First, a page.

Disclosure Requirement

ESRS 2 - GOV 3 - E1

Integration of sustainability related performance in incentive schemes


Transition plan for climate change mitigation

ESRS 2 - SBM 3 - E1

Material impacts, risks and opportunities and their interaction with strategy and business model

ESRS 2 - IRO 1 - E1

Description of the processes to identify and assess material climate-related impacts, risks and opportunities


Policies related to climate change mitigation and adaptation


Actions and resources in relation to climate change policies


Targets related to climate change mitigation and adaptation


Energy consumption and mix


Gross Scopes 1, 2, 3 and Total GHG emissions


GHG removals and GHG mitigation projects financed through carbon credits


Internal carbon pricing


Anticipated financial effects from material physical and transition risks and potential climate-related opportunities

ESRS E1 Disclosure requirements for climate change risks and opportunities, financial impacts, and responses

Scenario analysis as a key tool for identifying and assessing climate risks and opportunities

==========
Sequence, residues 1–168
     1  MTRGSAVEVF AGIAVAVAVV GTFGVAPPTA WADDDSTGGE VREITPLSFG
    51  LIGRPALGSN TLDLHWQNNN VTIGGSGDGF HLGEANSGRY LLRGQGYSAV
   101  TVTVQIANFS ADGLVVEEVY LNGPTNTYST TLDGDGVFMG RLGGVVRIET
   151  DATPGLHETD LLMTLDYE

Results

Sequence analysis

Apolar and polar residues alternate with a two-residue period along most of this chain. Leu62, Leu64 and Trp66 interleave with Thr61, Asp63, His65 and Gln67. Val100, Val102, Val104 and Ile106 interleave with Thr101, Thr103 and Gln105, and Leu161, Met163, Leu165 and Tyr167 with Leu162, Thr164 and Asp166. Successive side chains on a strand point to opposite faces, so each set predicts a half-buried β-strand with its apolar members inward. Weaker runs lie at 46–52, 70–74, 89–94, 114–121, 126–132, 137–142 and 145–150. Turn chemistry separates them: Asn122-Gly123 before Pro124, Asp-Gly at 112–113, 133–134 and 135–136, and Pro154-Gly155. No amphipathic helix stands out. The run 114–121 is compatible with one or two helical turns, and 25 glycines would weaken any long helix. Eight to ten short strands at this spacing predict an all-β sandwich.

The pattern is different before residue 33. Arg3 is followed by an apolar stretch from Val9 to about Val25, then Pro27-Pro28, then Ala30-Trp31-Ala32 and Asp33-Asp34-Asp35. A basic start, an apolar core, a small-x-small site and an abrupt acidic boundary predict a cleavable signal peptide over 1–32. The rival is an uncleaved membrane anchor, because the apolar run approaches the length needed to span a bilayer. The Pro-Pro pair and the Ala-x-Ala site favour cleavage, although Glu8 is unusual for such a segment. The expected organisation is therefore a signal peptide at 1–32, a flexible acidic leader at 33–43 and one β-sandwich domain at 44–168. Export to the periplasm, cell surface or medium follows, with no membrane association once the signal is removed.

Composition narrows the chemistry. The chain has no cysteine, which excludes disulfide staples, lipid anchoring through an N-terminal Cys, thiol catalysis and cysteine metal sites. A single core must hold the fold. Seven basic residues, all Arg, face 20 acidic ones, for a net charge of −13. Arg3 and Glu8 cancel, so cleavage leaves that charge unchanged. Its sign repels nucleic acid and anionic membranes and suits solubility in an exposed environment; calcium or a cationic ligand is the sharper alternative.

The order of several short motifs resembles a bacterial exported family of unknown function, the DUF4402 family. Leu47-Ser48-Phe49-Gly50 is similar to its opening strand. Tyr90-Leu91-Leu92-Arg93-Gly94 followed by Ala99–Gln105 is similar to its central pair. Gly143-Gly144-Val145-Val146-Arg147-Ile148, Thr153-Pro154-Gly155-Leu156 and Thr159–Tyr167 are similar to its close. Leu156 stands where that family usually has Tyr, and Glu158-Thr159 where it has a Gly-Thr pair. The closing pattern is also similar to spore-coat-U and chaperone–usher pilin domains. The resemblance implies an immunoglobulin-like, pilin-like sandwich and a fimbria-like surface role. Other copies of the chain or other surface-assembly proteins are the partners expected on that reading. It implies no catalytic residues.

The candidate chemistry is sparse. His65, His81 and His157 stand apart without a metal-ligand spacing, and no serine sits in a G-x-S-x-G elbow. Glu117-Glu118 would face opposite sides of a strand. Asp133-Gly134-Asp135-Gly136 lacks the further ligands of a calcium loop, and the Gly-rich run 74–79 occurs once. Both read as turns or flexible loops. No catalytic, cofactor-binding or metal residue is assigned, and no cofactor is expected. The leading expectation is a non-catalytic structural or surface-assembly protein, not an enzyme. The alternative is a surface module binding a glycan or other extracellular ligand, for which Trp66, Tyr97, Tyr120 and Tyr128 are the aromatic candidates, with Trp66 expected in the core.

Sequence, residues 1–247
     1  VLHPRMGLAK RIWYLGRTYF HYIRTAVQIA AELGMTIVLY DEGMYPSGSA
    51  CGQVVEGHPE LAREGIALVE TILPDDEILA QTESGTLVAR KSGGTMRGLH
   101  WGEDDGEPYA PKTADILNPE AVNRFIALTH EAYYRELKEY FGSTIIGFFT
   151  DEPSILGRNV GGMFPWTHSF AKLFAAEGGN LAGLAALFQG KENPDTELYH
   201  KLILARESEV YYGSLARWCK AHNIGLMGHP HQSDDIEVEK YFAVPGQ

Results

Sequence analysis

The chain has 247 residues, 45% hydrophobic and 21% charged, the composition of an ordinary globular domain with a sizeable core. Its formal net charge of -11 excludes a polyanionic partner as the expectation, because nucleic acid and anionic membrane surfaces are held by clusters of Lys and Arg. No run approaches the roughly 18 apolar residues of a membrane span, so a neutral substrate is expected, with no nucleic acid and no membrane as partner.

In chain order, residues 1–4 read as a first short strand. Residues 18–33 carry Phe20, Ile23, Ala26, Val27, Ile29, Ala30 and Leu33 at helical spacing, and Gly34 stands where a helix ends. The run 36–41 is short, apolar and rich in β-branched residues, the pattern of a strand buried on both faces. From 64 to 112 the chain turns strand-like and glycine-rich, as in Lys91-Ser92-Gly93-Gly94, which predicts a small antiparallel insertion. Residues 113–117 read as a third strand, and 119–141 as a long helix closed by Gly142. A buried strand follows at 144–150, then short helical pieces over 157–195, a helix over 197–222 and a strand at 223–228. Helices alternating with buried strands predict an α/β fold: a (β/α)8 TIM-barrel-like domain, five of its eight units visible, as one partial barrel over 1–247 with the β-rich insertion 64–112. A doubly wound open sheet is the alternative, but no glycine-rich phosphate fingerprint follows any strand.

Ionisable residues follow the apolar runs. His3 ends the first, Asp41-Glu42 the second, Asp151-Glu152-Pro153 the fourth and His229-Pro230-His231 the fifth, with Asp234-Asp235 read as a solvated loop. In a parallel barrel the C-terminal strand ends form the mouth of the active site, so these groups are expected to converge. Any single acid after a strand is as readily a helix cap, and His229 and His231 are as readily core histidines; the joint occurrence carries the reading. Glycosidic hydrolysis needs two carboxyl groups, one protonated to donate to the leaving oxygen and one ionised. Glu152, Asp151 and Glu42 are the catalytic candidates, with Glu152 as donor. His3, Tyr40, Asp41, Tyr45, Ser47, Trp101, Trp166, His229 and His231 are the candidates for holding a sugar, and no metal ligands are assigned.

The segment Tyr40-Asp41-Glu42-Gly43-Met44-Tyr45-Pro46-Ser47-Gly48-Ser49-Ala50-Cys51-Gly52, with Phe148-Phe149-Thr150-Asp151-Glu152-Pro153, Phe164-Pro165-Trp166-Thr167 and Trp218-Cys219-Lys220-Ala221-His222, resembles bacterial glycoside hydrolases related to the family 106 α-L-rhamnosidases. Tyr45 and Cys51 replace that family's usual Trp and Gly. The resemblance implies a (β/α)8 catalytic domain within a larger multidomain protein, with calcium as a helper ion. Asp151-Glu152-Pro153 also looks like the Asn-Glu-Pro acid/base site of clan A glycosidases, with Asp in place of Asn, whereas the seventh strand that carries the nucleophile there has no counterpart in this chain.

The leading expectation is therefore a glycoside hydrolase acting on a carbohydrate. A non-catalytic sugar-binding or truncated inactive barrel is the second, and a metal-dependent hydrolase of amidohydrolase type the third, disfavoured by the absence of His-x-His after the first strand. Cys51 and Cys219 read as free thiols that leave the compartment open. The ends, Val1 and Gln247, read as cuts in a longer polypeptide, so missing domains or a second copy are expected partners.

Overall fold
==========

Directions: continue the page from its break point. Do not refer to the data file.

The first step when seeking to comply with ESRS E1's risk-related disclosure requirements is to identify the material climate risks and opportunities for the business. Given the uncertainties in the evolution of global GHG emissions and their associated climate impacts across different time horizons, the CSRD, in line with the widely used and respected reporting framework from the TCFD (Task Force on Climate-related Financial Disclosures), requires climate-related risks and opportunities to be assessed using scenario analysis. In other words, climate risks and opportunities should be identified by taking a range of possible futures into account, including a 'best case,' a rapid, low-carbon transition where global warming is limited to 1.5°C, as well as a 'worst case', high physical impact scenario of +4°C warming by 2100.

error page

Climate scenarios ranging from ‘high physical impact’ to ‘rapid transition’

High physical impact, +4℃

Assumes very low political momentum and ambition, with little action on climate change mitigation.